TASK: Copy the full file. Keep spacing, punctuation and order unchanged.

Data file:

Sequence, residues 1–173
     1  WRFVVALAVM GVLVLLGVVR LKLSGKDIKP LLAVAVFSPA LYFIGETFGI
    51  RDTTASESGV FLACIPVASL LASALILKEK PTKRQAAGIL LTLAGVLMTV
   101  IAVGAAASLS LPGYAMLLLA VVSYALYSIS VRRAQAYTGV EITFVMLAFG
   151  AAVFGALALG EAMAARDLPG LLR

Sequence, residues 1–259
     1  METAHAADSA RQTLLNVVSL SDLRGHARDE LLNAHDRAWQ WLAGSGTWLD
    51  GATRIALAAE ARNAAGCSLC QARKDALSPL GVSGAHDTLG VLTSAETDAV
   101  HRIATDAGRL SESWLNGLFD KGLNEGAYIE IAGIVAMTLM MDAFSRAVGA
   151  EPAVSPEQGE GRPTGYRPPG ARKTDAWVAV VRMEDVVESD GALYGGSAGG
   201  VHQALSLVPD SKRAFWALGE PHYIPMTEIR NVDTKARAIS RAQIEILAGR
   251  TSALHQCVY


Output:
Sequence, residues 1–173
     1  WRFVVALAVM GVLVLLGVVR LKLSGKDIKP LLAVAVFSPA LYFIGETFGI
    51  RDTTASESGV FLACIPVASL LASALILKEK PTKRQAAGIL LTLAGVLMTV
   101  IAVGAAASLS LPGYAMLLLA VVSYALYSIS VRRAQAYTGV EITFVMLAFG
   151  AAVFGALALG EAMAARDLPG LLR

Sequence, residues 1–259
     1  METAHAADSA RQTLLNVVSL SDLRGHARDE LLNAHDRAWQ WLAGSGTWLD
    51  GATRIALAAE ARNAAGCSLC QARKDALSPL GVSGAHDTLG VLTSAETDAV
   101  HRIATDAGRL SESWLNGLFD KGLNEGAYIE IAGIVAMTLM MDAFSRAVGA
   151  EPAVSPEQGE GRPTGYRPPG ARKTDAWVAV VRMEDVVESD GALYGGSAGG
   201  VHQALSLVPD SKRAFWALGE PHYIPMTEIR NVDTKARAIS RAQIEILAGR
   251  TSALHQCVY